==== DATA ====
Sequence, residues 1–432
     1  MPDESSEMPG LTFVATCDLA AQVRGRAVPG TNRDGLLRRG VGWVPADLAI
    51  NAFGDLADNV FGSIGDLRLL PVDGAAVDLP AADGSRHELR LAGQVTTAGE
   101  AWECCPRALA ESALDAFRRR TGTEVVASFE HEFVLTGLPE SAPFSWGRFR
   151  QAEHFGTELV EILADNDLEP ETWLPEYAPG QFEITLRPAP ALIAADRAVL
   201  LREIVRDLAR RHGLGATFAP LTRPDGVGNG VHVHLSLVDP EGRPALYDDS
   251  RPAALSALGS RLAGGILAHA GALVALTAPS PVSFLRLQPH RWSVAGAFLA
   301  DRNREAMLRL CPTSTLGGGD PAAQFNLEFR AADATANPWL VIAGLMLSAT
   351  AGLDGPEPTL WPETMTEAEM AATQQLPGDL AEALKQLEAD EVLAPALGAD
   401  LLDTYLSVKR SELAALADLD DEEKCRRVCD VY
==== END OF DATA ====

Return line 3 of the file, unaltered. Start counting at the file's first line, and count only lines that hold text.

    51  NAFGDLADNV FGSIGDLRLL PVDGAAVDLP AADGSRHELR LAGQVTTAGE